Okay, let me take a breath.
So what do we do when our curiosity leads us to anger and resentment?
Because these are two of the most potent emotions known to humans. They can either be contained as negative energy that ruminates and spoils, or our feelings of anger can be transformed and expelled outward as an intentional act of change. We must accept that our role as human individuals is to express ourselves creatively.
Embracing your creativity is not just an opportunity, but a responsibility.
For me, the creative process has proven to be the most powerful method of healing and transformation, empowering me to feel in control of my own life and purposeful in the world. After unlearning my childlike wisdom, it feels like I have been collecting puzzle pieces, not knowing how or if they would ever fit back together. But when I learned how to follow my curiosity, transform my pissed-off feelings, and cultivate my creative intelligence, my life began to unfold in the most magical ways. I overcame a severe food intolerance using Yoga and meditation. I pulled myself back from the edges of depression and compulsive, self-destructing behaviors. I healed past relationships, and I embraced parts of myself that I previously hated. But mostly, I discovered an infinite source of wisdom within my own heart.
There is this deep, inner knowing that resides within your wisdom body, a layer of your being called the Vijnanamaya Kosha in Yoga. The ultimate goal in my work is to help people tap into this part of themselves, because we all have the ability to become the composers of our own reality.
We are all squirming with creative intelligence. It is inside of us, just waiting to be put to work. So when you feel powerless, overwhelmed with emotion or anxiety, or disconnected from the truth of who you really are, here are a two simple steps to begin your creative process…
Step 1: Evaluate your current state
What are you presently feeling, thinking, doing?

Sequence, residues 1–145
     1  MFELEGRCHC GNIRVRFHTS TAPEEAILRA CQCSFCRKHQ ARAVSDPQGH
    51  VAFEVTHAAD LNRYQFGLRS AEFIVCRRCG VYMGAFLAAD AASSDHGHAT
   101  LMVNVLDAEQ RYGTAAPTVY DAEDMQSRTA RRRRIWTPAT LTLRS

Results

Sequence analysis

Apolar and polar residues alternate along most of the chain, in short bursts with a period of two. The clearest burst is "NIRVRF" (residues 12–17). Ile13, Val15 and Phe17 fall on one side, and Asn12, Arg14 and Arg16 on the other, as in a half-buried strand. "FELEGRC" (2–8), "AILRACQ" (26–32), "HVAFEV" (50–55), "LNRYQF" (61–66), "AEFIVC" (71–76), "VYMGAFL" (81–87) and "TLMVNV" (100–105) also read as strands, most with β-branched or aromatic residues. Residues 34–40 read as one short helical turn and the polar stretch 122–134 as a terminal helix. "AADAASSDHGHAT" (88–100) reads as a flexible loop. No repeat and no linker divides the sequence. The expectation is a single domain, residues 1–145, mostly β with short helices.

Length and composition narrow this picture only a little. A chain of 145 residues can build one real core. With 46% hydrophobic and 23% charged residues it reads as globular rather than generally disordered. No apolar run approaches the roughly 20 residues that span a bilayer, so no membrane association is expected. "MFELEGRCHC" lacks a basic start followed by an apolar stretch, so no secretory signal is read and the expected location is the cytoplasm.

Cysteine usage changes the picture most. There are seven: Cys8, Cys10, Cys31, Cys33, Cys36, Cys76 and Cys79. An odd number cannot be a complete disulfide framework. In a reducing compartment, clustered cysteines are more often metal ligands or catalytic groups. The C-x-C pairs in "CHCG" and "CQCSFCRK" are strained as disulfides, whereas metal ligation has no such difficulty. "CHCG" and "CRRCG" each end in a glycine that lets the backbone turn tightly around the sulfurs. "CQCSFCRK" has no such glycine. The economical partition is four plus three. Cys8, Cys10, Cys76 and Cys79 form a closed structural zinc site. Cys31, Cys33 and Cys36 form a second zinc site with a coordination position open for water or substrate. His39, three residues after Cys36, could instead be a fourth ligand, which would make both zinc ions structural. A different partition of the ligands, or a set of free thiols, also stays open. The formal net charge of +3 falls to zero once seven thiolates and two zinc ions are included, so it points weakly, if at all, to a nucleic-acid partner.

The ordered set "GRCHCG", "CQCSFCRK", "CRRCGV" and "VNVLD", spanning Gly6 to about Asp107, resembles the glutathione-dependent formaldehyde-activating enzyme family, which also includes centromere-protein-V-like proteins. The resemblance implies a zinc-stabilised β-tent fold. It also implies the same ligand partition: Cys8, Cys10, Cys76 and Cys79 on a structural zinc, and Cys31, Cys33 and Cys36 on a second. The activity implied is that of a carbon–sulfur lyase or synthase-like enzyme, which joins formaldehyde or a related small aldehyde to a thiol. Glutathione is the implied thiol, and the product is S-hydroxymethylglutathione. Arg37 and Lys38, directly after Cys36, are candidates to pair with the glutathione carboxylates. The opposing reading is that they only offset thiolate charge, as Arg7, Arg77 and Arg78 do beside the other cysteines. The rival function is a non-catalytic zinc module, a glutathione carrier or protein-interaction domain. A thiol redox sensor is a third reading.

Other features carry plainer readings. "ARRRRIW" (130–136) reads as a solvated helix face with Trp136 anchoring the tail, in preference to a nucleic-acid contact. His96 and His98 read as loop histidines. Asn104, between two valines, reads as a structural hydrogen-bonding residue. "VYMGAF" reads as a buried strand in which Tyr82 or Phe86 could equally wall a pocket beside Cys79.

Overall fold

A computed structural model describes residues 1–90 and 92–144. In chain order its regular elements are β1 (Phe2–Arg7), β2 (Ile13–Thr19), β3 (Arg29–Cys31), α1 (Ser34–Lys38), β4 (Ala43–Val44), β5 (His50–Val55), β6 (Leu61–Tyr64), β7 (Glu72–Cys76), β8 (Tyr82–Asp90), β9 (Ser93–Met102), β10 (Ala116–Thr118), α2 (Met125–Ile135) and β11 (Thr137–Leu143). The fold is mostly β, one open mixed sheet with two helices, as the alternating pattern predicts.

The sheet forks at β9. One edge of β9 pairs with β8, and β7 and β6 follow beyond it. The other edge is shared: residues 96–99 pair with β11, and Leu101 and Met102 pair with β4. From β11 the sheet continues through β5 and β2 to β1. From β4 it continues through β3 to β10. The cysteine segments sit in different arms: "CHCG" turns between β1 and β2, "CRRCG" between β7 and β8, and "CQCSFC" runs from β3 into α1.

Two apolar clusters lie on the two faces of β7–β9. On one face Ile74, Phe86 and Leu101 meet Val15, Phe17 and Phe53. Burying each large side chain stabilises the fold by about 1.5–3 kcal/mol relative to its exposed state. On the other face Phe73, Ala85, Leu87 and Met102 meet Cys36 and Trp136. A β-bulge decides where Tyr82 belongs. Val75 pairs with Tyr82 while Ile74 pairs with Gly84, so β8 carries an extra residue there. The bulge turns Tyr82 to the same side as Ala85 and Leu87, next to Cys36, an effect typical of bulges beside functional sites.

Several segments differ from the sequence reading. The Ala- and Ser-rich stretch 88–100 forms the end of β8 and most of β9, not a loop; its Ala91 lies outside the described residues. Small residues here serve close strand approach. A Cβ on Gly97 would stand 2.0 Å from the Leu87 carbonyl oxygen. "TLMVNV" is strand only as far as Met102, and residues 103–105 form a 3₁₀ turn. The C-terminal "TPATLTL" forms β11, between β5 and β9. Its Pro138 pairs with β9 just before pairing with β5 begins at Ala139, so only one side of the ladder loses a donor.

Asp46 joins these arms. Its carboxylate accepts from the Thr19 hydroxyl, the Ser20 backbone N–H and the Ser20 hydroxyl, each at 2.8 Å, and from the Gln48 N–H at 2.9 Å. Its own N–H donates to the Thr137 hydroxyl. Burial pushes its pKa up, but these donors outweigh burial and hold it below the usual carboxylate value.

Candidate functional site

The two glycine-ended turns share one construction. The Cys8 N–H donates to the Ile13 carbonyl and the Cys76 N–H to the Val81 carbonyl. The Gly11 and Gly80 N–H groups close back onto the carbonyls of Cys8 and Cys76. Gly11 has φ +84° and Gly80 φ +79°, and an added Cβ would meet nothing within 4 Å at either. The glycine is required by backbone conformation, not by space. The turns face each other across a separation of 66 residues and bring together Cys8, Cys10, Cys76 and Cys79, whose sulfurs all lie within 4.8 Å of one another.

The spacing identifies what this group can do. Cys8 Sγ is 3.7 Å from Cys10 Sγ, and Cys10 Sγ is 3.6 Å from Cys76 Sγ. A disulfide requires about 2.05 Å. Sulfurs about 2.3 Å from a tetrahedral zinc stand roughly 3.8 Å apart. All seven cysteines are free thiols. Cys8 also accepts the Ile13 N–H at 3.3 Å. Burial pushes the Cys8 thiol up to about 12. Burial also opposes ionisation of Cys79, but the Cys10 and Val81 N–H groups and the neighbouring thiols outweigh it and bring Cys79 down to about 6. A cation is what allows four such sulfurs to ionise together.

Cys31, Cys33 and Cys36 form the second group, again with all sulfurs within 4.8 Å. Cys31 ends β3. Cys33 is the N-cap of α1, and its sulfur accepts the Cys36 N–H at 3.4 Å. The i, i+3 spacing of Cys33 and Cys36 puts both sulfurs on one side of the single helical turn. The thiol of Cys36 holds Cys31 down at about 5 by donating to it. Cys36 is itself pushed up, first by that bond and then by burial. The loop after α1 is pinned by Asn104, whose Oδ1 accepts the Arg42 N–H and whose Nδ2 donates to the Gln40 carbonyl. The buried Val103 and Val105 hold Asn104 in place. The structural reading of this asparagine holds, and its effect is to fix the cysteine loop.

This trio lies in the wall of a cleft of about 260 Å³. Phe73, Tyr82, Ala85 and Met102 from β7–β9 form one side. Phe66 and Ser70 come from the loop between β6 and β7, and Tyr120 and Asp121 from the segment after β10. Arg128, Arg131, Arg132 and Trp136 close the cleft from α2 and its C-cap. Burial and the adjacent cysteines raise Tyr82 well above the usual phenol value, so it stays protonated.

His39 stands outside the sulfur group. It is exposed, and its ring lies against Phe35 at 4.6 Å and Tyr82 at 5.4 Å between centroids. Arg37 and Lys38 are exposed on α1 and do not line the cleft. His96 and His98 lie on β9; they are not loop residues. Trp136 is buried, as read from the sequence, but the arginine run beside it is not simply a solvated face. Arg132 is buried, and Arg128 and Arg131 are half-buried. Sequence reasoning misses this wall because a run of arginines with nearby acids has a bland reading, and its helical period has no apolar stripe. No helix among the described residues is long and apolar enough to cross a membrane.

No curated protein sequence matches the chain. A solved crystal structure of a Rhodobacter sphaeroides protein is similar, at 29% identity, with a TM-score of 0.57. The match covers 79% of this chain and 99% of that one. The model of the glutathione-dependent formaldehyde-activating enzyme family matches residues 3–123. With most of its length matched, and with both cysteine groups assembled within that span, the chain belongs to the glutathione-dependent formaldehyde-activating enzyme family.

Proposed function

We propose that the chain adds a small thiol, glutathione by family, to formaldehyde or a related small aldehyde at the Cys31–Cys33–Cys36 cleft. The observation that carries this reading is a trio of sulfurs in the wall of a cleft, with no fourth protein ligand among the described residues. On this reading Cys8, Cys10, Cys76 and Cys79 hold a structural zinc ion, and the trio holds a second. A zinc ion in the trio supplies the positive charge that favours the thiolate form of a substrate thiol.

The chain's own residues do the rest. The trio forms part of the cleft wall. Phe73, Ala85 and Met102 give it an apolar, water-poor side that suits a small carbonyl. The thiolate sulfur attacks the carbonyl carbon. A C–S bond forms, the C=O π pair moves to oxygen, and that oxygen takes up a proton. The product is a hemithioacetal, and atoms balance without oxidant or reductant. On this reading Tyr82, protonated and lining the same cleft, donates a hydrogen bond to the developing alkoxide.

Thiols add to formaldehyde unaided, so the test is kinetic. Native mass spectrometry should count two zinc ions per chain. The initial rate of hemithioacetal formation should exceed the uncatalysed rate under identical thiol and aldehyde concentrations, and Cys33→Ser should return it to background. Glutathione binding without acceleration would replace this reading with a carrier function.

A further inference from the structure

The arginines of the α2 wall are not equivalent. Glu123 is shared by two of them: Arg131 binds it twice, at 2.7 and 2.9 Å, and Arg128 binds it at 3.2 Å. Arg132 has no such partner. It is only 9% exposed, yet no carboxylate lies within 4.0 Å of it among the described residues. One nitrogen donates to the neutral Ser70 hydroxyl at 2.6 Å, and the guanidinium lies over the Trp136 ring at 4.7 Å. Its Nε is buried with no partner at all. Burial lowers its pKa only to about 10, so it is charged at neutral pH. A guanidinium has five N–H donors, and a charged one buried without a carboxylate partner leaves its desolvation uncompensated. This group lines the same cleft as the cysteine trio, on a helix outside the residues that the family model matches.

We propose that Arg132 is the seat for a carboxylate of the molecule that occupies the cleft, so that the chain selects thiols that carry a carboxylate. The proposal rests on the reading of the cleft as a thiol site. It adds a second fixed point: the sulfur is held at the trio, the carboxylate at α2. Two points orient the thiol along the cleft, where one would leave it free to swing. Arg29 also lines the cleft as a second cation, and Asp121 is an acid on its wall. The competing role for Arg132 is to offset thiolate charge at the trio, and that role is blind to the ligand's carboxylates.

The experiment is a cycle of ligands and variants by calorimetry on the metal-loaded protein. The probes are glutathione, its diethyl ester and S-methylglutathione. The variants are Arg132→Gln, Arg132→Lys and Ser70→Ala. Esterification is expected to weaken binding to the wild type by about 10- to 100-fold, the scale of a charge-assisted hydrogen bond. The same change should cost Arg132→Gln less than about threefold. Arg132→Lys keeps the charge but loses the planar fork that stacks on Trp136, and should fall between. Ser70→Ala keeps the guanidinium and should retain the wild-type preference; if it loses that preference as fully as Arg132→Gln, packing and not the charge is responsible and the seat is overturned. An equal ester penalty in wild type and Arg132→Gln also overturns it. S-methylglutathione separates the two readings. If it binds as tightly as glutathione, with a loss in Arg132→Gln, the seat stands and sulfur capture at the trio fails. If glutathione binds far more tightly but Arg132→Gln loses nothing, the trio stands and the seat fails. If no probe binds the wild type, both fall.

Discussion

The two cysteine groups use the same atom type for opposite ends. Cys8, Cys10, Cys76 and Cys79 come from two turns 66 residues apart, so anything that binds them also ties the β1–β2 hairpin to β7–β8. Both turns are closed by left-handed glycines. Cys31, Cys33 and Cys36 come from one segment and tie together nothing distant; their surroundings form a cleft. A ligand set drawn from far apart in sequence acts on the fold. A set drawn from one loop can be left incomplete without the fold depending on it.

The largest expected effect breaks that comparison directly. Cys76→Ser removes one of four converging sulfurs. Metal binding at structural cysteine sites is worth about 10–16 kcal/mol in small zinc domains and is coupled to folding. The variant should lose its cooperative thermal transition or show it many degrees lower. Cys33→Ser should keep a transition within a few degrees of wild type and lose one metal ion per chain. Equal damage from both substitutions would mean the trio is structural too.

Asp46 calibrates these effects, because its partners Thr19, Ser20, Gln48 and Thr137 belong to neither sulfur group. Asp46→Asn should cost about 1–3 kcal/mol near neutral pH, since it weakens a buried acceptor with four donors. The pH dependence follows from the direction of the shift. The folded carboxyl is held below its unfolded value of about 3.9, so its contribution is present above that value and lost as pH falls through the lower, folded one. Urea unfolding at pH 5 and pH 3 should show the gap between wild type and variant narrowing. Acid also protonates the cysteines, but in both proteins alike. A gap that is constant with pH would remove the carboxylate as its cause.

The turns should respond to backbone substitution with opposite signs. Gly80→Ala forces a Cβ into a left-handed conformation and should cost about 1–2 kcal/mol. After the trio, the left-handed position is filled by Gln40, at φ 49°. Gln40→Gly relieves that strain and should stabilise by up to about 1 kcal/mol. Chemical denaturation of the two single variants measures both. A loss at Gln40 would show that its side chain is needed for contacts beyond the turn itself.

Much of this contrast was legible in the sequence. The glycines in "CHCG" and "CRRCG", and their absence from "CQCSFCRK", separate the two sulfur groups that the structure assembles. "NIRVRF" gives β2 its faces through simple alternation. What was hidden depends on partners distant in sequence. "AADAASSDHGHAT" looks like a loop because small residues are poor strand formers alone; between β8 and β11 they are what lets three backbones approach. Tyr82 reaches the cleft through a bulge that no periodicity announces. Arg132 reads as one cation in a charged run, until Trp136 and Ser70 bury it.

What resources and tools do you have?
How can you express this in a way that you enjoy?
Step 2: Move towards your desired state
What do you want to feel instead?
How can you shift your experience?
What can you release and what can you create, right now, to start moving in that direction?
For example, maybe you want to lose weight, so you clean out your fridge and organize your pantry with healthy options. Maybe you want to clear your head and get organized, so you rearrange the furniture in your living room or clean off your desk. Maybe you need to express something that feels silly to say out loud, so you write a song or a poem. Sometimes, we know that we want to change something, but it might take much longer to figure out how.
People like to talk about finding themselves, but I've never found myself. Instead, I have found a wealth of traditions reminding me that I never lost myself in the first place. Because every day it feels like I am trying not to lose my shit. Every day, trying not to lose myself. But when you are trying not to do something, it usually ends up happening anyway.
I went through a period of time where a wave of depression moved into my life. There were some days where I didn't want to do anything or go anywhere, and I found myself spontaneously crying. My dreams were equally disturbing, and violent images were popping into my mind throughout the day.
After expressing these things to my loved ones, and evaluating that I had some level of control over it (which is not the case for everyone), I decided to use my creativity. I developed specific visualization practices for when these violent images came into my mind. This exercise helped me feel strong, resilient, and powerful, which were the exact opposite qualities that I was feeling at the time. I began eating certain foods that included high amounts of probiotics, as well as raspberry and turmeric smoothies for their ability to increase neurogenesis. These foods made me feel awake, energized, and healthy, qualities that I was having trouble cultivating on my own. I found creative ways, other than making physical artwork, to shift my experience towards a more positive and enjoyable one.
The creative process is incredibly healing, and it always comes back to remembering that you never lost yourself, and you never can lose yourself. The solution to your problems does not reside somewhere outside of you, it lies within.
Because you were designed to create.
So what are you making?